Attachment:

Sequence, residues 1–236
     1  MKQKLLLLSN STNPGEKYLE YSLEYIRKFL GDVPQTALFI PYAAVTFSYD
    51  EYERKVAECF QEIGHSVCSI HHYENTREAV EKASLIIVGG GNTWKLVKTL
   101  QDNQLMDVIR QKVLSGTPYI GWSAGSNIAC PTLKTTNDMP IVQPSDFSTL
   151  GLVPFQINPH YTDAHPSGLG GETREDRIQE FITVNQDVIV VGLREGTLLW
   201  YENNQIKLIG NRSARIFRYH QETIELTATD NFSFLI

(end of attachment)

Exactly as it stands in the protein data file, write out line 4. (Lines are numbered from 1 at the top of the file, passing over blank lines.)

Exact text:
   101  QDNQLMDVIR QKVLSGTPYI GWSAGSNIAC PTLKTTNDMP IVQPSDFSTL